Latin America •  History and Journalism

$60.00 hardcover

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Cables, Crises, and the Press: The Geopolitics of the New International Information System in the Americas, 1866-1903

John A. Britton

In recent decades the Internet has played what may seem to be a unique role in international crises. This book reveals an interesting parallel in the late nineteenth century, when a new communications system based on advances in submarine cable technology and newspaper printing brought information to an excitable mass audience. A network of insulated copper wires connecting North America, the Caribbean, South America, and Europe delivered telegraphed news to front pages with unprecedented speed.

Britton surveys the technological innovations and business operations of newspapers in the United States, the building of the international cable network, and the initial enthusiasm for these electronic means of communication to resolve international conflicts. Focusing on United States rivalries with European nations in Latin America, he examines the Spanish American War, in which war correspondents like Richard Harding Davis fed accounts of Spanish atrocities and Cuban heroism into the American press, creating pressure on diplomats and government leaders in the United States and Spain. The new information system also played important roles in the U.S.-British confrontation in the Venezuelan boundary dispute, the building of the Panama Canal, and the establishment of the U.S. empire in the Caribbean and the Pacific.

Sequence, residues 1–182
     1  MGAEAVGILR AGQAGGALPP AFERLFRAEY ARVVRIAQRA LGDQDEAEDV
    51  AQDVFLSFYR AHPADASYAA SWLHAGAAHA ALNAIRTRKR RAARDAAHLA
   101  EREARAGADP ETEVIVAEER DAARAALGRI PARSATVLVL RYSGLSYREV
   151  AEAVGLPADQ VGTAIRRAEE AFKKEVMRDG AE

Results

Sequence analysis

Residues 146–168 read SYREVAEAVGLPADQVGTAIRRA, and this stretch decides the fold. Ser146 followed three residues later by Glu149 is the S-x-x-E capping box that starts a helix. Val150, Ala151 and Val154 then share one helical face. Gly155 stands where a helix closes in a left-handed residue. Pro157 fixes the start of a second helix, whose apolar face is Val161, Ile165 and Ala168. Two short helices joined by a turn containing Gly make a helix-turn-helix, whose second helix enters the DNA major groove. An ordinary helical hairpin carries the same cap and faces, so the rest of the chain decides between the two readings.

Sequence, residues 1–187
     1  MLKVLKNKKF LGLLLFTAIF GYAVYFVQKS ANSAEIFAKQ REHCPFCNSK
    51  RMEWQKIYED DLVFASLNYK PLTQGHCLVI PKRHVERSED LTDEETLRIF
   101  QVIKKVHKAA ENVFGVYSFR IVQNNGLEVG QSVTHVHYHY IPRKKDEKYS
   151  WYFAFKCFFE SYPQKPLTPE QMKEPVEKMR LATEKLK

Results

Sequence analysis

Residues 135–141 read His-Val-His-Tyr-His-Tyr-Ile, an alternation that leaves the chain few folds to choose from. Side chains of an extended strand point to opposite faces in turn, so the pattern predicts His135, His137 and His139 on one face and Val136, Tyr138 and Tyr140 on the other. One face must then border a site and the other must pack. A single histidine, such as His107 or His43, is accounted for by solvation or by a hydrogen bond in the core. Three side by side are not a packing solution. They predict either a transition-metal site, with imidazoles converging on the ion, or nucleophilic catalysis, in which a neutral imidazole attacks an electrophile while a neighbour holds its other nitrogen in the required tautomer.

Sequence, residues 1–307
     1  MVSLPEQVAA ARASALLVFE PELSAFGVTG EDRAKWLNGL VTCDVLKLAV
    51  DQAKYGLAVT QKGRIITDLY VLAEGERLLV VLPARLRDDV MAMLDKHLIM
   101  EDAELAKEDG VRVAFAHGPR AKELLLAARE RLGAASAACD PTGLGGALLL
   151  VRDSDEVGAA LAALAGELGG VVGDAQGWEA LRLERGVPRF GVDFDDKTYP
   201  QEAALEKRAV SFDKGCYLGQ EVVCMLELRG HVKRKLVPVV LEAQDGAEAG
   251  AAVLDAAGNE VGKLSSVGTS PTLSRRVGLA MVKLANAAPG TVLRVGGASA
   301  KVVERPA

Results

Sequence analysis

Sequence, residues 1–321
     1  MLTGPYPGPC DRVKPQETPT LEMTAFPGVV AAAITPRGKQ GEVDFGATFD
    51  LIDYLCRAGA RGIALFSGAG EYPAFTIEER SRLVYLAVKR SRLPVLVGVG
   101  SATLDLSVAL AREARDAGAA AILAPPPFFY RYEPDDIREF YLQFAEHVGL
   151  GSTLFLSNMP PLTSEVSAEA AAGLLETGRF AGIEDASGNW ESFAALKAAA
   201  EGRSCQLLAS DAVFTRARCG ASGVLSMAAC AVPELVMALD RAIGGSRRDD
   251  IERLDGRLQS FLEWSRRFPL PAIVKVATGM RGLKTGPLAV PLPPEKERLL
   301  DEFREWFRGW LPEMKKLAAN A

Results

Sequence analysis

John A. Britton has taught courses in Latin American, United States, and world history at Francis Marion University since 1972.


β€œIn this extensively researched and carefully documented study, the author provides a needed analysis of how telegraphy and submarine cables influenced geopolitical information systems in Europe, Latin America, and the United States.”


The Historian

β€œA welcome contribution to our understanding of the introduction of a foreign technology to Latin America in the nineteenth century. . . . Cables, Crises, and the Press is an original and thoughtful work that Latin Americanists should consult going forward.”


Hispanic American Historical Review

6 x 9 in. 488 pages 10 drawings, 14 halftones, 1 map